Soft pastels give up their colour more generously with less pressure than hard pastels. It’s surprising how easy it is to “eat” up a soft pastel when using it on sanded paper. Less pressure is the rule here! The marks are generally softer and more rounded than a hard pastel as it’s more difficult to keep a sharp edge on a soft, round pastel. Soft pastels lend themselves to natural forms such as clouds, trees, flowers, landscapes, skies, animals etc
Hard sticks are often square and are wonderful for sharp, linear marks that you would find in grasses, wire fences, boat masts, rigging and architectural details. Compared to soft pastels you will need to use more pressure to get the same amount of pastel deposited on the painting surface. They are also a more economical way to block in large amounts of colour in the early stages of a painting with the added advantage of leaving gaps in the colour to allow optical mixing of later layers.
Here you can see the larger swathes of colour left by the soft pastels creating shadows in the grass clump and the crisper linear marks made with the edge of hard pastels help to define the individual grasses.
Where the pressure has been lighter the pastel has less contact with the paper so the grasses are thinner and finer. By increasing the pressure you can vary the thickness of your mark.
Side of the pastel v edge of the pastel
Using the side of a round or square pastel you can lay down broad strokes of colour quickly to establish areas of sky, water and land. Then the edge of the pastel can be used to add crisper details.
Here you can see that I’ve used the broad side of different blue pastels to make sweeping bands for the sky and water. Layering these blues will give your sky and sea more interest. Then I came back in with the edge of a white pastel to suggest some sails.
Rounded end v sharp tip of the pastel
The rounded end of a pastel is useful for painting trees and bushes in the landscape. Just moving the pastel the paper in a scrumbling motion will give a soft rounded form. When you come to adding in branches, trunks and stems a sharp tip is just the thing.
Try slanting the pastel so differing amounts come in contact with the paper to give a natural variety in your tree and shrub shapes.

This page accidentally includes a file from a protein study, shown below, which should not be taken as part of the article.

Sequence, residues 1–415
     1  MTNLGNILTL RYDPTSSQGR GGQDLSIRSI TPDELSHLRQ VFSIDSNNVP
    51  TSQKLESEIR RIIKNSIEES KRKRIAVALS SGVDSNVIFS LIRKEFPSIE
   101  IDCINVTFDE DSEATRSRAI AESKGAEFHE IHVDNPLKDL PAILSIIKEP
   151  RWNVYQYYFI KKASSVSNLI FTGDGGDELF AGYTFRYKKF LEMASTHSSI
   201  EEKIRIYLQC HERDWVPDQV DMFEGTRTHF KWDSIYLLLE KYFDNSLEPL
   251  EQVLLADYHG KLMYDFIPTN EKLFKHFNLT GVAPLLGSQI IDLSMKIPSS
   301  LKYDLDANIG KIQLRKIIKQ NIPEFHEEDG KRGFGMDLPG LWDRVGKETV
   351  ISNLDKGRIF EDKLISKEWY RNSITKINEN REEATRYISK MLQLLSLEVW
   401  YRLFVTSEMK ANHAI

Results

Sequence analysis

Bringing it all together
So let’s see how we can bring these basic techniques together to create a painting full of life and interest. This a little 30 minute sketch using the basic techniques. You can join me and paint along as I demonstrate how to paint this in a step by step video.
You can copy and print this reference photo if you would like to practice these techniques or paint along with me.
I would love to see your paintings so feel free to post a link in the comments section.
There’s such a huge range of pastels available at such different price points it’s difficult to know what to buy when you first decide to dip your toe in the enticing world of pastel art. At least that’s what I found when I decided I wanted to try my hand at pastel painting. I didn’t have much spare cash for art supplies so I couldn’t afford to spend a lot of money and then find out it wasn’t for me. So I bought a very small and cheap set of earth toned pastels from my local newsagency. Turns out it was love at first sketch!
Adding to the first set – half sticks.
Once it was clear I loved pastels I wanted to expand the colour range. You will probably feel the same! I still stayed with a cheaper brand ( Munygo) and bought a box of 64 half sticks which gave me a good range of colours to further experiment with. The advantage of half sticks is you get twice as many colours for your money . Because you rely less on actual colour mixing with pastels it makes painting so much easier if you have as big a range as possible of colours to choose from. Half sticks also have the advantage that they don’t come with wrappers so I didn’t have to spend valuable painting time peeling off the papers! The cheaper brands all have a good colour range and work fine when first starting out – I still use them sometimes for underpainting. They do make more mess and dust than the more expensive brands.